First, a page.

Statistical evidence suggests that in most African countries, women’s use and knowledge of ICT (to store, share, organize and process information) is lower than men’s, denying them income-generating opportunities and the chance to network with others.
The W.TEC team seeks to develop Nigerian women's financial independence through training them for ICT-specific jobs such as computer engineering, programming, system analysis, hardware and network specializations, and design. The program also assists women in developing technology skills that are needed for other ICT-reliant jobs or self-employment. In addition, the program seeks to encourage women to develop the skills and confidence to use ICTs for activism, learning, awareness-raising, and advocacy for a better quality of life.
W.TEC works in partnership with local and international NGOs, educational and research organizations. W.TEC programs have been supported by the International Development Research Centre (IDRC), the Anita Borg Institute for Women and Technology, Fahamu, Laureates College, Omatek Computers, and Rutgers University’s Women in Computer Science Group.
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CEI approaches in action
Tuition, accommodation, learning materials, and meals.
Several scholarships are made available to ensure that high-potential but economically disadvantaged girls can access the program.
Since the inception of the program in 2008, at least one technology camp has been held per year. The first 2 camps were free of charge, but subsequent camps charged a fee to cover tuition, accommodation, and meals.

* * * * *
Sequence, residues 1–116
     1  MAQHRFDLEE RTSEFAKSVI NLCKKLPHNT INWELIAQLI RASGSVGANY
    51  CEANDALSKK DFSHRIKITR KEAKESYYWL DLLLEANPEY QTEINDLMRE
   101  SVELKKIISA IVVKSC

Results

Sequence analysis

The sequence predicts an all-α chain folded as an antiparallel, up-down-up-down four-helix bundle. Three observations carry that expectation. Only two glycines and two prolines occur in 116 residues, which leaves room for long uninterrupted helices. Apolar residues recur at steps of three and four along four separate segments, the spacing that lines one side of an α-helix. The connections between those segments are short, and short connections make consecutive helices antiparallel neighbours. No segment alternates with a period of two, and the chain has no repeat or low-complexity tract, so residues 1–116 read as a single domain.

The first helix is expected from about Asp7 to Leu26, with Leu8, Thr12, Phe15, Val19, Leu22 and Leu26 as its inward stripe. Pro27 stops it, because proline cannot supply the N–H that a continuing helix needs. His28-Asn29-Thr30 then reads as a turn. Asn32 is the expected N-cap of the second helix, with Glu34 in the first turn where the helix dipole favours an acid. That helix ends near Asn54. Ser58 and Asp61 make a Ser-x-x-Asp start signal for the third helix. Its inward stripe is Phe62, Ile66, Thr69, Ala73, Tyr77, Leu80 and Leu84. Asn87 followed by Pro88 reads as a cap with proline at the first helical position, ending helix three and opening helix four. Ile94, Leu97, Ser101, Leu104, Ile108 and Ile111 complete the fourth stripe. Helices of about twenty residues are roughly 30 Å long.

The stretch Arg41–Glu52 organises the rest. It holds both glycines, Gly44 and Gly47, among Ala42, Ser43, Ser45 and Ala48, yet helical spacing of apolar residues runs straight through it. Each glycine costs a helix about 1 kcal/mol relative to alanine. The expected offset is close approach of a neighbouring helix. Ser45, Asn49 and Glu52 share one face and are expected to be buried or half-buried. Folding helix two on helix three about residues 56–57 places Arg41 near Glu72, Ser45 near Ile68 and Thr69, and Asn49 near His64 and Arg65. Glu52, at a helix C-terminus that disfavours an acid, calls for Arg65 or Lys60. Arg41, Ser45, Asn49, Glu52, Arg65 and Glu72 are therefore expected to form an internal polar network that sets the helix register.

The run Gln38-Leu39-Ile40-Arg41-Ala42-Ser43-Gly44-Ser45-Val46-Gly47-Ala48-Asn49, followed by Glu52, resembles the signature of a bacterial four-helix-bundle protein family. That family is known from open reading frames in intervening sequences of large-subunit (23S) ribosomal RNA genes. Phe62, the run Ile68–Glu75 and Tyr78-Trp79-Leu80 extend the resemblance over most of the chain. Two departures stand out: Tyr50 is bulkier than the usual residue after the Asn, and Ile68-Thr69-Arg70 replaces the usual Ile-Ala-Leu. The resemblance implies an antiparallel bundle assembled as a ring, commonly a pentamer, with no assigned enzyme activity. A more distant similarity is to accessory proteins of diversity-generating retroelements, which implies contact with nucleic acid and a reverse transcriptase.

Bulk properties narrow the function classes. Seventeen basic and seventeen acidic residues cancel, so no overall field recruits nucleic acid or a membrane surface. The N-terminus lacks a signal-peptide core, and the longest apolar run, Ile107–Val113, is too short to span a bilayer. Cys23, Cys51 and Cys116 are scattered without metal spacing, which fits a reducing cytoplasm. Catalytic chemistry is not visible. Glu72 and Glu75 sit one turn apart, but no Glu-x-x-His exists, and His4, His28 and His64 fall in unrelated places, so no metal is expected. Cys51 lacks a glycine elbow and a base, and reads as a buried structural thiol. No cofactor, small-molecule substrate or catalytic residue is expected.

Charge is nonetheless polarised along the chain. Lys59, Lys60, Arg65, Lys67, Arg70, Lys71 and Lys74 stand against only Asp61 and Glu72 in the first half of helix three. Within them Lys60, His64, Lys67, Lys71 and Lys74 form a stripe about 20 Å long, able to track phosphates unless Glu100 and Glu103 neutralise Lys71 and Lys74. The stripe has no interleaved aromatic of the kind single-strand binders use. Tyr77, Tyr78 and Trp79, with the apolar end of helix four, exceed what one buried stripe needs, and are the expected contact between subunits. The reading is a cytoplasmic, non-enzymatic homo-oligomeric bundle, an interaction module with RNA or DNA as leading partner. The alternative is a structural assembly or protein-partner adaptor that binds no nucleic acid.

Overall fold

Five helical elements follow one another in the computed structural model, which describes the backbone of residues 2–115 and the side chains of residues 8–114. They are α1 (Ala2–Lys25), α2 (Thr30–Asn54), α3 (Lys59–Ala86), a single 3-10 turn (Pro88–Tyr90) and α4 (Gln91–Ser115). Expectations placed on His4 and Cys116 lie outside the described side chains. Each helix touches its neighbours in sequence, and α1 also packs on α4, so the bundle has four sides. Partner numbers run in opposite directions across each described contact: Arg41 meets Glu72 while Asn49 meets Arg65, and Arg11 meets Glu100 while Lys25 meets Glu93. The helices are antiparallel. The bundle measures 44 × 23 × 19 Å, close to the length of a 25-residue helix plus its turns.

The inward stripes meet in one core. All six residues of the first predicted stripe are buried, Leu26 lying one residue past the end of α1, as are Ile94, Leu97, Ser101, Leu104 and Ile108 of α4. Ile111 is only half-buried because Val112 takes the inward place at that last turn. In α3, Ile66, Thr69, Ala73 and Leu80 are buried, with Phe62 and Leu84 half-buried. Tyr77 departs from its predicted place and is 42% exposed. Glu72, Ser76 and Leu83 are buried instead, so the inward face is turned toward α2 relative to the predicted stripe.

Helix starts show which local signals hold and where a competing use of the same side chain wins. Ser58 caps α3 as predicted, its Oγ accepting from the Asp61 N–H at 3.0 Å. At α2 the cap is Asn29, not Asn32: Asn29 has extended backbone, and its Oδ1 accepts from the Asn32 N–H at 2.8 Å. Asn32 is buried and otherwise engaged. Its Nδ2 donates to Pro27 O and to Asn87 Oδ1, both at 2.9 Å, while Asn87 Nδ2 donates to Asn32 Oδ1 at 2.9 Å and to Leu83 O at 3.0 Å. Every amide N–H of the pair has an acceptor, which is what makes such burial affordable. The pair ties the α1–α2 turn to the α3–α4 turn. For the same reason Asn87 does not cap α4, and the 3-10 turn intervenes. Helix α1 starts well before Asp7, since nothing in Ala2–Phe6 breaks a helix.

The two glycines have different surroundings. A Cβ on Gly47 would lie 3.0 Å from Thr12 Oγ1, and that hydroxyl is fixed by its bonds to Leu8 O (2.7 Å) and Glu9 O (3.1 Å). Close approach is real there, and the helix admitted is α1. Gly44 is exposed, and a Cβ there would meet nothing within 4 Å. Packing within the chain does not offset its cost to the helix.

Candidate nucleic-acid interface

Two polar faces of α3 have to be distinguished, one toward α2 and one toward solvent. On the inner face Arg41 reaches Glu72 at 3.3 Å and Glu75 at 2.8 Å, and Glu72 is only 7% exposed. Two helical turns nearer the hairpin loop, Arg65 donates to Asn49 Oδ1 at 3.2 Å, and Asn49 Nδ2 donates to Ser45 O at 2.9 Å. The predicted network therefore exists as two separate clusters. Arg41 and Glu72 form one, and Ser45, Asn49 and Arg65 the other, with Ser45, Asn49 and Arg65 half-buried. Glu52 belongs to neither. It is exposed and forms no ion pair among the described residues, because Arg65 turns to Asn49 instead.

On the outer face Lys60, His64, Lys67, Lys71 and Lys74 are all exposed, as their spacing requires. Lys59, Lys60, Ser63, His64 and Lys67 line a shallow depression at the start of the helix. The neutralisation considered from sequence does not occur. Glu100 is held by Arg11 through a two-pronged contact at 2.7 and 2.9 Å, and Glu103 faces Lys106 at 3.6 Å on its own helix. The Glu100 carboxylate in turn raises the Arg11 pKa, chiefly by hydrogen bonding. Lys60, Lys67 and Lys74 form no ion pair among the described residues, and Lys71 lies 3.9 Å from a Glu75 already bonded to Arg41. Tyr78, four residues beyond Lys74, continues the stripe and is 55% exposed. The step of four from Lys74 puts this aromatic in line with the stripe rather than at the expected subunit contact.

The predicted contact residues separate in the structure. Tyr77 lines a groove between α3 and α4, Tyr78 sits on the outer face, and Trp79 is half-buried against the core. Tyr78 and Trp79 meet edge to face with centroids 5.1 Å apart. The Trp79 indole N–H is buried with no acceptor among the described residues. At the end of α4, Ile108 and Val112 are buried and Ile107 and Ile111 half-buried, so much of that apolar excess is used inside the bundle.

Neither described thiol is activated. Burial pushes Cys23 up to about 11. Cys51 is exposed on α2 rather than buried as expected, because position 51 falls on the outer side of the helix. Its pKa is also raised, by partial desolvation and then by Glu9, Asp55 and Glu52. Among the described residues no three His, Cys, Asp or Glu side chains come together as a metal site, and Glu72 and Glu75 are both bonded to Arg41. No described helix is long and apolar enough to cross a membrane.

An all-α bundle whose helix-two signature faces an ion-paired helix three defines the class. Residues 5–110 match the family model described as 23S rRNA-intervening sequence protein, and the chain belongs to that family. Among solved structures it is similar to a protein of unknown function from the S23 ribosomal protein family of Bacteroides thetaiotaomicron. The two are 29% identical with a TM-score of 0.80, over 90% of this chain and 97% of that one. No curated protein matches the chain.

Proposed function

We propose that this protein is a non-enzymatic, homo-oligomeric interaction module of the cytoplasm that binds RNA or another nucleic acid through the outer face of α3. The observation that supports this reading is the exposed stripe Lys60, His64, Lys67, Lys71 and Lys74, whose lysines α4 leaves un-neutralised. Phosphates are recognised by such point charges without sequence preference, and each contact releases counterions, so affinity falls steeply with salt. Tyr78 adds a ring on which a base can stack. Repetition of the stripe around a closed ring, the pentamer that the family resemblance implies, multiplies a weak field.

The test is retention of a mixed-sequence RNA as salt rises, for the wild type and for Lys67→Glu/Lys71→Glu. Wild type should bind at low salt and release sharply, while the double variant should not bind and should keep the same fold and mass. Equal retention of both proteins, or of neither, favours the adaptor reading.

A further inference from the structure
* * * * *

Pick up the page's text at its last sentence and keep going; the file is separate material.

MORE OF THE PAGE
W.TEC has increased its camps from one to two cohorts per year. In 2013, the first camp was held in April with 10 girls in attendance. The second camp will take place in August 2013 with 30 participants in attendance. Workshops will include Graphic Design, Movie-Making, Web Design, and Introduction to Programming. This year, a new technology club will be launched at the end of the second camp, enabling girls from schools nationwide to access ICT training and development.
Monitoring & Evaluation
The monitoring strategy incolves pre and post-camp tests to determine what participants have learnt and have been able to assimilate during their time at the camp.
6 months after each camp, interviews are conducted with participants to determine if they have been using the skills acquired during the program, and if not, what the challenges are and how they can be addressed.
Most of the previous camp participants have indicated interest either in careers in ICT or in integrating ICT into their career of choice. Feedback from the last 5 years reveals that 6 months after each camp, 80% of each cohort are still using and developing ICT knowledge and skills acquired during the program.